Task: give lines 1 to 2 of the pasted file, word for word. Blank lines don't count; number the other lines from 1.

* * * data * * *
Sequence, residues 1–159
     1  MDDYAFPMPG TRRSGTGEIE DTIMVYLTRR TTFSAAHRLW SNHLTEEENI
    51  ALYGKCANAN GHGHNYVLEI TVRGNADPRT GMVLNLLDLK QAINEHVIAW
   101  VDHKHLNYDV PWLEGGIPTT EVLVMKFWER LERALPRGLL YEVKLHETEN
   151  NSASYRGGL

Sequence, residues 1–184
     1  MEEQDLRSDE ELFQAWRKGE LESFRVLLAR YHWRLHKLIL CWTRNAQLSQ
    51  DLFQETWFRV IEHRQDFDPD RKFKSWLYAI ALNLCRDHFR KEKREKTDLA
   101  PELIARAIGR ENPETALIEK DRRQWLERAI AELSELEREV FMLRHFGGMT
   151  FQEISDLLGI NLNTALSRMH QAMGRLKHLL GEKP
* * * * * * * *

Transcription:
Sequence, residues 1–159
     1  MDDYAFPMPG TRRSGTGEIE DTIMVYLTRR TTFSAAHRLW SNHLTEEENI